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Cookies & Cream

Cookies & Cream, directed by Princeton Holt, is one of the strongest - well made, generally effective - ultra low budget debut feature dramas I've seen in several years. Although Cream is not technically polished as Medicine for Melancholy, both of these new features take a step away from "digital video tales of young people looking for love" land & decide to bother themselves with questions that deal with traditions & assumptions & perhaps questionable practices in the greater society. In Cookies the underlying subject matter is sex work. However, the main story is about a girl trying to find the right guy. This romantic drama in disguise is shot, edited, & scored well. Any lack of technical smoothness/a certain "raw"-ness in some places added positively to the world that was presented in the movie - or, the sometimes documentary like quality of camera & sound work heightened the realism factor - made the movie seem like a chronicle of a transitional period in the life of a real person.

In Cookies Carmen (played well by Jace Nicole) is engaged in a variety of sex work: porn, web cams, and perhaps other activities in that arena. Pretty quickly we learn that Carmen has a child - story of the father is not told - and is seeking a "normal" guy (a guy who is not heavily into porn & the sex-for-money world I guess, or at least not into her because she is in porn) AND is cool with the way that she makes money. One of Carmen's close friends who is also in the same line of work does seem to have a "normal" boyfriend who supports what she does for a living. Without giving away details that would reveal how the story ends, we see Carmen deal with 2 potential partners in the course of the movie. And, Cookies distinguishes itself from most recent DIY movies about 20-30 somethings by bringing in Carmen's parents into the story.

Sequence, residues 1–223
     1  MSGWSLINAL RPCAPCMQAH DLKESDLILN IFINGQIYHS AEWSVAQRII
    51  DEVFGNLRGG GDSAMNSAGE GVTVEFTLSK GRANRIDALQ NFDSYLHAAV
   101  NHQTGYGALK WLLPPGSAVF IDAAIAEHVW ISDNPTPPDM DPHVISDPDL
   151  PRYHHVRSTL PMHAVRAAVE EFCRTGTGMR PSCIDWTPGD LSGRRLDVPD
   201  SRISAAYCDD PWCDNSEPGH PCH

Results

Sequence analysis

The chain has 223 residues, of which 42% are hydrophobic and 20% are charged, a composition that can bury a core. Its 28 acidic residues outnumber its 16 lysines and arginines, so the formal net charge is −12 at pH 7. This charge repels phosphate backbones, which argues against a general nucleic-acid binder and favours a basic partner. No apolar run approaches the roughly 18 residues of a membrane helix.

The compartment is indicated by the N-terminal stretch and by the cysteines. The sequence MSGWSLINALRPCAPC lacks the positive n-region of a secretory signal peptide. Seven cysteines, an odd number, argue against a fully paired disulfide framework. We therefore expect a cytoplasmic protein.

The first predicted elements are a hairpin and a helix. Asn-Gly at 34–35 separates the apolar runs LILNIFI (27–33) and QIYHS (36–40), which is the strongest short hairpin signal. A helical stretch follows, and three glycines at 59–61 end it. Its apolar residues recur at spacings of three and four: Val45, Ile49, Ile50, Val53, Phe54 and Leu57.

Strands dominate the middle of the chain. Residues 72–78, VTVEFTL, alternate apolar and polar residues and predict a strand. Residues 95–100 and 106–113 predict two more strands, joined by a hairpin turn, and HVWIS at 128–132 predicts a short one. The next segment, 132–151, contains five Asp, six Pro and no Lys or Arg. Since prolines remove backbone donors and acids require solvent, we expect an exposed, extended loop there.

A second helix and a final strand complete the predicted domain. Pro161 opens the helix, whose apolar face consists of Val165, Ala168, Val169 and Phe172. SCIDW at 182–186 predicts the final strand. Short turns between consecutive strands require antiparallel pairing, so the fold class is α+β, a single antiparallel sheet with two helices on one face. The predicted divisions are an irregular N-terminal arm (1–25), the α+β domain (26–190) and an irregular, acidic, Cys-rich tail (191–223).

Though sex work is the character's occupation, this is not a sexually explicit - at least not visually - movie.

One problem I had with the movie - I know reviewers are supposed to deal with what is actually on the screen, but, as it was the case for me I am sure it will be the case for at least a few others - was that if the central dilemma of the main character is finding a "nice" guy, why doesn't she quit the porn biz? I talked with a few audience members who saw Cookies with me at the Sexy International Film Festival this past Saturday about this issue and most of them were not concerned with that question. Some of them had filled in the missing information on their own as to why Carmen does not give up porn in order to find the "right" man. So perhaps this question would not get in the way of most people in their attempt to enjoy Cookies. I would have liked to see more details - how & why did Carmen get into sex work/porn biz? What exactly is keeping her from finding a job in another industry that is less controversial/would not be an obstacle towards building the desired romantic relationship? But, these questions that I had may be beside the point - since the film declares in the beginning that the character wants to both keep doing what she does for a living AND wants to find a guy who treats what she does as just another job (even though it isn't). I believe the film does succeed in creating a story that seems realistic for a character who has what I think is a relatively impossible goal. In the end, I would also have liked to have seen exactly how the path the character chose as the answer to her dilemma came together.